JOHN Last week, we were just standing on the side and he [Simpson] came out of the tunnel, looked round, had a double glance and then came right to us for a crack. It gives you such a lift. 

BARRIE John Ward changed it a bit [in 2007] – he said to us, ‘I want the same ballboys every week, and I want them to be a little bit cuter [in what they do]’. We knew what that meant. To be invited in by the manager like that…you felt part of it. Steven Pressley asked us in for a chat too, when they were looking at the multiball system...

JOHN We’ve had some interesting…interactions with opposition teams over the years. What’s been the worst? You couldn’t put it in your paper… 

BARRIE I got spat on once by a player. He was coming off, we were stood at the tunnel side, and he actually spat – horrible white spit, all down my front. It was frustration, I think. 

JOHN You wouldn’t have been saying anything, Barrie, would you…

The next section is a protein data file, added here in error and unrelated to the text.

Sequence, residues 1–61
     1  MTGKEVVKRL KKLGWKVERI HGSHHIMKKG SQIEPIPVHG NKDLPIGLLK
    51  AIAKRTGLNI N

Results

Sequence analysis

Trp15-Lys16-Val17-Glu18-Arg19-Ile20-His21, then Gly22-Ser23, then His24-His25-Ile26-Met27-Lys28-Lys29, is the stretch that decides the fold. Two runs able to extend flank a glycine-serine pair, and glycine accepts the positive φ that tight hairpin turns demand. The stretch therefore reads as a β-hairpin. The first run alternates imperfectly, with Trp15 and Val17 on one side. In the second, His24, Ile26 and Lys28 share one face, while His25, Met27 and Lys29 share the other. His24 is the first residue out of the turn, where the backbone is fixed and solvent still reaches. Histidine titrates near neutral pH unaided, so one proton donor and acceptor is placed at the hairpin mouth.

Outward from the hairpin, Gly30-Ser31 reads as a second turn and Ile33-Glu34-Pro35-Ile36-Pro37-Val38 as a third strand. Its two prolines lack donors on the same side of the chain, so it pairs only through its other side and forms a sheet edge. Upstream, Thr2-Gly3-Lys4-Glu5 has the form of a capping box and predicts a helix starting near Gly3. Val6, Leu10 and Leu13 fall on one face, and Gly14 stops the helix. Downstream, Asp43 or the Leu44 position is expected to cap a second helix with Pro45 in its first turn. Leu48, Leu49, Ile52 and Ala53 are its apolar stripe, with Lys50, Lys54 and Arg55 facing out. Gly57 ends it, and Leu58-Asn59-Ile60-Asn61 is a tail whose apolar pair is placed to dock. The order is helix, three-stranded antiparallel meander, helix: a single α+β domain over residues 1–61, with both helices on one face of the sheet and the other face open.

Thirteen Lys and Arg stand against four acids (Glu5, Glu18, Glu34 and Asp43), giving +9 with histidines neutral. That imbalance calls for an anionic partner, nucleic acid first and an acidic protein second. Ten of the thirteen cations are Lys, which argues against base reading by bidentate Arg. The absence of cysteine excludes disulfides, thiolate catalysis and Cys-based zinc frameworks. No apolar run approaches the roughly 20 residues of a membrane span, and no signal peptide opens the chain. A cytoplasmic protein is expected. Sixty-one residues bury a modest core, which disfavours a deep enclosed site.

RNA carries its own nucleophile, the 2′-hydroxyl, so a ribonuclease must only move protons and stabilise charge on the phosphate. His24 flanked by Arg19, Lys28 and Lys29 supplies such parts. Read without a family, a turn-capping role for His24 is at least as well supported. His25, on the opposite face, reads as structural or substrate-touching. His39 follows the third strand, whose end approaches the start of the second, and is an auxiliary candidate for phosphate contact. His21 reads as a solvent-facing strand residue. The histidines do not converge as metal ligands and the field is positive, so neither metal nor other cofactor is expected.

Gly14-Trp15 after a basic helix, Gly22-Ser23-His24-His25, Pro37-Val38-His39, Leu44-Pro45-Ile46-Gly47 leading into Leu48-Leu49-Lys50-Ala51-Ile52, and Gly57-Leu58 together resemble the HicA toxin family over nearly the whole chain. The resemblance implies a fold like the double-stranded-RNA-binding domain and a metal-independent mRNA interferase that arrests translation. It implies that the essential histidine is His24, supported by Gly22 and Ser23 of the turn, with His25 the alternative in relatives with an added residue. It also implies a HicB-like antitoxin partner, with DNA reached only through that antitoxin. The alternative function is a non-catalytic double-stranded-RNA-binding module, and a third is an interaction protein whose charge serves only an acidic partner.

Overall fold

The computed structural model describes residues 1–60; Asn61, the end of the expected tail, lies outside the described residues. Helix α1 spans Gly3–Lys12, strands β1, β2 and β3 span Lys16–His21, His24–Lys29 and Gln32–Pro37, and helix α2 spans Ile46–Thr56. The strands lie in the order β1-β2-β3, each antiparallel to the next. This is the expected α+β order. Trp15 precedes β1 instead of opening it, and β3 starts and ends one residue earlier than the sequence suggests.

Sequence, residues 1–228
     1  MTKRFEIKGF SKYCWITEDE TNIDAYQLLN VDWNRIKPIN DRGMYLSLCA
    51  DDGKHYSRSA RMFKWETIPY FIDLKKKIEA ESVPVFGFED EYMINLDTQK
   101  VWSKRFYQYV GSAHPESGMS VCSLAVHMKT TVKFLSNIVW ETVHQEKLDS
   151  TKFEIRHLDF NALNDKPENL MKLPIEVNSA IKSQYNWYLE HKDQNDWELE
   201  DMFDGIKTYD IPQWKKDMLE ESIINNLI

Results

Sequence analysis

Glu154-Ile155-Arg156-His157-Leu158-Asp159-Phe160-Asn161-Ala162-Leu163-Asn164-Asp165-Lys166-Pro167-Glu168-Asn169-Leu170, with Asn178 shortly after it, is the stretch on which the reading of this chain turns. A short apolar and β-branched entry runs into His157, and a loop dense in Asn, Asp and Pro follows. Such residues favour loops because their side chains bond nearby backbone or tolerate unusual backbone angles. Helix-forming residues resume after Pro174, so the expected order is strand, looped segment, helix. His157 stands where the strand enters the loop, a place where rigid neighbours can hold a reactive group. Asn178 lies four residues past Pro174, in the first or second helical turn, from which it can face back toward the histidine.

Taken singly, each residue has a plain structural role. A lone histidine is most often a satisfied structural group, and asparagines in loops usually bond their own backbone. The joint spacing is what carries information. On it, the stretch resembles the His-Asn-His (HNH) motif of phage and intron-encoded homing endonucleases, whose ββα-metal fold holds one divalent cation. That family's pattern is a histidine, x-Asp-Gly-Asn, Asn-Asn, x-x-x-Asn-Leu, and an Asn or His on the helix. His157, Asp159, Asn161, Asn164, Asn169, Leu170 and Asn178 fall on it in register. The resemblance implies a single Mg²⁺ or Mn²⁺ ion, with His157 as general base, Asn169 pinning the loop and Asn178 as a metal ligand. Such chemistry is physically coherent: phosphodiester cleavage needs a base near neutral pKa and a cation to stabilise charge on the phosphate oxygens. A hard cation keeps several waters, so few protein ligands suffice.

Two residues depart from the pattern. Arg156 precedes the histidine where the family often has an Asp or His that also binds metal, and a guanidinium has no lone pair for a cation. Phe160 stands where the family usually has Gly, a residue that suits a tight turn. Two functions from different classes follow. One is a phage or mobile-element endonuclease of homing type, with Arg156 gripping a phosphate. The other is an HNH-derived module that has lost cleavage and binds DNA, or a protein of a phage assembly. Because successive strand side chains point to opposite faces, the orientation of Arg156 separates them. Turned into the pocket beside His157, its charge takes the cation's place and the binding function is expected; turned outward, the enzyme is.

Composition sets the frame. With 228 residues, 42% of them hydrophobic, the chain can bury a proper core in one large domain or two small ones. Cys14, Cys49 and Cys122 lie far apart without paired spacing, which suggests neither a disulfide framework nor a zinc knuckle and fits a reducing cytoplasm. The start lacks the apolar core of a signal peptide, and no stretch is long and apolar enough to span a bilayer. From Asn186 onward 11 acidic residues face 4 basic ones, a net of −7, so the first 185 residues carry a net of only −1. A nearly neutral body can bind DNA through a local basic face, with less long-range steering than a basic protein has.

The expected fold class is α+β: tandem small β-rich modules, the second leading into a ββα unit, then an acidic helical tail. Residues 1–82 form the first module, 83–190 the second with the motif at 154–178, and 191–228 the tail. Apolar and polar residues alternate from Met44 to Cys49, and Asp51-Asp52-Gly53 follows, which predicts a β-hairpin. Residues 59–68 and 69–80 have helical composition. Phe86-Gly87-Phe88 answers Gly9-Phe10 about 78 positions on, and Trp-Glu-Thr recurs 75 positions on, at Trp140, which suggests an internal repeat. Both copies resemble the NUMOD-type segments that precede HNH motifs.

BARRIE Oh, no… [winks] 

JOHN One of the Bristol Rovers fans had a real go at both of us the other week. One of our lads got the ball and one of their players ran round for it – but the ballboy kept hold of it and pointed to the corner flag, as if to say, ‘Go to the corner and then I’ll give you it’. We’d never tell them to do that. Some of the lads take it a bit too far. They want us to win as well.

News and Star: A ball boy retrieves the ball from the East StandA ball boy retrieves the ball from the East Stand

BARRIE We tell them always to give the ball back in a timely manner; don’t kick it back to players, pick it up and throw into their hands. Listen to the Carlisle players and they’ll tell you what to do. And don’t give the other team an advantage in the final third. If they’re screaming for the ball, give them it back, but don’t give them it back in a hurry.